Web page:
"You have to take risks, but you have to take calculated risks," Armstrong said. "It was quite a risky proposition, but we felt pretty confident in taking it."

Playing Seattle also helped "Hairspray" develop artistically. The producers could work through the production before it got to New York.

"Once you're in New York, there's a different kind of pressure, a different kind of scrutiny, such that you're not able to work on it fully," Armstrong said. "With the New York audience, and the New York press -- it's not healthy for the creative process."

Lion was more diplomatic. "You want to be able to do your work quietly without ... generating opinions before you're ready for that judgment to occur."

Ticket sales swell

Back in New York, the Seattle run was creating excitement. Preview performances of "Hairspray" began at the Neil Simon Theater on July 18. By opening night, Aug. 15, advance ticket sales had swollen to $9 million, from $2 million. Rave reviews brought $2 million in sales on opening day, with advanced sales rising to $17 million by October.

Despite reaching this milestone, no time was left for rest, Lion said.

"Never," she said. "You have a pause on opening night, hope that the audience received it well and that it's going to run.

"It's a living thing," she added. "It's not a repeated experience -- frozen in time, like a movie. There are a lot of issues -- marketing issues, [performance] rights issues -- that come up all the time."

For the week ending June 8, "Hairspray" grossed $981,570 according to the League of American Theaters and Producers, which co-sponsors the Vogel's CTI project with the Theater Development Fund.

The musical's receipts that week -- the most recent available -- were based on the Neil Simon Theater (with more than 1,400 seats) being sold beyond capacity, which includes standing room slots. In fact, the Nederlander Organization, which owns the theater on West 52nd Street, squeezed in 100 more seats for the production.

'A good little kick'

Financing a Broadway musical generally works like this: A musical has an initial capitalization of, say, $10 million. It grosses $1 million a week in ticket sales.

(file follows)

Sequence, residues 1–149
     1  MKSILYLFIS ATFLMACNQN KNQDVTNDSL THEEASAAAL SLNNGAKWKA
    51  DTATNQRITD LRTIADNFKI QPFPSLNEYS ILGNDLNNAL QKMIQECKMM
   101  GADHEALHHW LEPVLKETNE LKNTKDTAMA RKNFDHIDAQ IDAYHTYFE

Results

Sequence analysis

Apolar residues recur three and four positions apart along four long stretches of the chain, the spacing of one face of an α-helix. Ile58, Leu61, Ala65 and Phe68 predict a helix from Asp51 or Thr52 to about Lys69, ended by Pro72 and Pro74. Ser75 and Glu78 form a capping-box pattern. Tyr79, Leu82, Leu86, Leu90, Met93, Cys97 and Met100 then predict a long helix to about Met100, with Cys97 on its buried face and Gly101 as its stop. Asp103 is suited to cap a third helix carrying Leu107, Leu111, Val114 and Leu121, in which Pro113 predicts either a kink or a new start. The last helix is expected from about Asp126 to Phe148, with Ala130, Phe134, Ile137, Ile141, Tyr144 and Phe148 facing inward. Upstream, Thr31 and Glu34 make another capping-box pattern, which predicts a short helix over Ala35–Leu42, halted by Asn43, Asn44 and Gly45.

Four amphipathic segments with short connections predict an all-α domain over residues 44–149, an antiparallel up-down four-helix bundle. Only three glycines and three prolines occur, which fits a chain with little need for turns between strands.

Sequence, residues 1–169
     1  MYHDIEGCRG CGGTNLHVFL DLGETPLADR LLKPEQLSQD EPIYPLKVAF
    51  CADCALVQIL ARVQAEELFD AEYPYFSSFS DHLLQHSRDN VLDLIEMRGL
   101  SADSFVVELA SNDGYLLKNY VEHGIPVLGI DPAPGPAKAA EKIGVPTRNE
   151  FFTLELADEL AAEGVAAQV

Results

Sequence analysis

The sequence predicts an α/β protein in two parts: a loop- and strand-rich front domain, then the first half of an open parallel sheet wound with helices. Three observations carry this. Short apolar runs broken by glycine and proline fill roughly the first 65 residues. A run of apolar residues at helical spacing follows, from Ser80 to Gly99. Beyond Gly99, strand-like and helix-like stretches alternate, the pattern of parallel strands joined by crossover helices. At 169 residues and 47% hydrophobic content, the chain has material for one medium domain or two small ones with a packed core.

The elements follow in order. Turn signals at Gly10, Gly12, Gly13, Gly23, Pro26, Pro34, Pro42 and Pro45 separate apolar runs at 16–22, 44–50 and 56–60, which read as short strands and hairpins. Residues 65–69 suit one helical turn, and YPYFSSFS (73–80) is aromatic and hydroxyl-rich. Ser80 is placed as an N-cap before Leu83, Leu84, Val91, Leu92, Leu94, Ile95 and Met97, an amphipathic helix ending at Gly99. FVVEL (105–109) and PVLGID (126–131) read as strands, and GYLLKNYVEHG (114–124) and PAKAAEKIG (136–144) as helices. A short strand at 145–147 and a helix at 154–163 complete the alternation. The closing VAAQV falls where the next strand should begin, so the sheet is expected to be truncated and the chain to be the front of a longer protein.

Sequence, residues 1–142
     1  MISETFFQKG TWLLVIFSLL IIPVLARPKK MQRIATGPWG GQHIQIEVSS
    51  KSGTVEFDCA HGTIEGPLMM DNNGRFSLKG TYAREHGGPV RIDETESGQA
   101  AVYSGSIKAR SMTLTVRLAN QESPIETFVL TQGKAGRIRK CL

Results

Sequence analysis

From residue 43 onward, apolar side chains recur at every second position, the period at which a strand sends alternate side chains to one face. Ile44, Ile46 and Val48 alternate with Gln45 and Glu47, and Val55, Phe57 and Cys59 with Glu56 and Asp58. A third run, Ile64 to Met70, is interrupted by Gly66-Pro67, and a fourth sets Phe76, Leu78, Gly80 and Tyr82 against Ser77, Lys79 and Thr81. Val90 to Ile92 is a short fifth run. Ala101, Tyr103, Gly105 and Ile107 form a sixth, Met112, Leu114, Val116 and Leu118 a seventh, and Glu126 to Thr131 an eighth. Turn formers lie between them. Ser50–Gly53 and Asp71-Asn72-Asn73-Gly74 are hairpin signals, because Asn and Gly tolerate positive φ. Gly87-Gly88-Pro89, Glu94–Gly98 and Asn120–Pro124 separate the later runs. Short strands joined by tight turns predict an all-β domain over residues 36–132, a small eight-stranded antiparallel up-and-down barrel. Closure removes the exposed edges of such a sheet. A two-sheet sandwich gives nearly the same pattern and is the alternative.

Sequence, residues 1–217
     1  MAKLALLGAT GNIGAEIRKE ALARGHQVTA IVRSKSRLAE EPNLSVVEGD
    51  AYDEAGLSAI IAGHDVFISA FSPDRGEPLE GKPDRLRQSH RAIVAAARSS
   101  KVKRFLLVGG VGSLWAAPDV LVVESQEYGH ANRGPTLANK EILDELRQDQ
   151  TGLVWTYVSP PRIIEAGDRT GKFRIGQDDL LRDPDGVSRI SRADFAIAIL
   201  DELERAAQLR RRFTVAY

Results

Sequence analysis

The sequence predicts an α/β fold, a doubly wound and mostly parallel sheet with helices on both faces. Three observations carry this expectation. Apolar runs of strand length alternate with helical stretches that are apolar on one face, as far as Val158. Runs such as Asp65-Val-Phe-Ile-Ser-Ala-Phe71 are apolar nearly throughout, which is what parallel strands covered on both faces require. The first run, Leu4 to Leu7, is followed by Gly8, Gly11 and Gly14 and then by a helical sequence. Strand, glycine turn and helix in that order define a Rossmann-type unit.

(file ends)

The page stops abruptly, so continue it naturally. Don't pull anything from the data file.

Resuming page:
In such a production, it is not uncommon for its weekly operating expenses -- theater costs, salaries, marketing -- to cost $500,000 to $700,000. These come after deductions are made for credit-card sales and union commissions.

The balance, called weekly operating profit, then is split between two groups: the investors and a "pool" consisting of a musical's key creative team -- the producer, writer, director, choreographer and designers. The split, generally, is 60 percent to 40 percent.

The investors' share is paid in equal percentage amounts until the initial $10 million is "recouped." After that, the operating profit is shared by the musical's investors and its producers.

"Hairspray" is financed this way, Lion said, only the investors get 62.5 percent of the operating profit, while the creative pool takes the rest.

In addition, investors continue to profit from licensing agreements for national and international tours, for school and community theater productions, as well as from sales of T-shirts and other merchandise.

"It's not enough to get rich on," Ben Mordecai, a Broadway producer and associate dean of the Yale School of Drama, said of the income from memorabilia sales. "But it's a good little kick."

Celebration at Tonys